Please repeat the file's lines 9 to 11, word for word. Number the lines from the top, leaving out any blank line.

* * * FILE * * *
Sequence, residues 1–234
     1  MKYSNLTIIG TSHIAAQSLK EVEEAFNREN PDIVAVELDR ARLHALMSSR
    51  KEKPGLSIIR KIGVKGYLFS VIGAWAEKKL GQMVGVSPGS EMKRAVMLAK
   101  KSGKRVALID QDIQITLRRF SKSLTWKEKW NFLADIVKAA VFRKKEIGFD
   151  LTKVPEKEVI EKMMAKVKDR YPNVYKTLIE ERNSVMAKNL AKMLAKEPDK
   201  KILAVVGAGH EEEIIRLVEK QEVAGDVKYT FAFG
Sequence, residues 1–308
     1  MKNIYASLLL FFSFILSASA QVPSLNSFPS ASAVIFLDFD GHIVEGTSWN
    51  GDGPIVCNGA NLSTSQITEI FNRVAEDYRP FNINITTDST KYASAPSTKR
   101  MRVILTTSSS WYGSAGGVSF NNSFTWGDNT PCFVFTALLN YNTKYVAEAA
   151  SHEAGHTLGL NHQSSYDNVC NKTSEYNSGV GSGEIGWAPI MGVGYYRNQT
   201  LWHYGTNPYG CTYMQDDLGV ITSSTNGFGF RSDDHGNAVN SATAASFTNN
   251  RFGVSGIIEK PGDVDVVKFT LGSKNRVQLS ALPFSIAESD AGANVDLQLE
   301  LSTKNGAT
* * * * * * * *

    51  GDGPIVCNGA NLSTSQITEI FNRVAEDYRP FNINITTDST KYASAPSTKR
   101  MRVILTTSSS WYGSAGGVSF NNSFTWGDNT PCFVFTALLN YNTKYVAEAA
   151  SHEAGHTLGL NHQSSYDNVC NKTSEYNSGV GSGEIGWAPI MGVGYYRNQT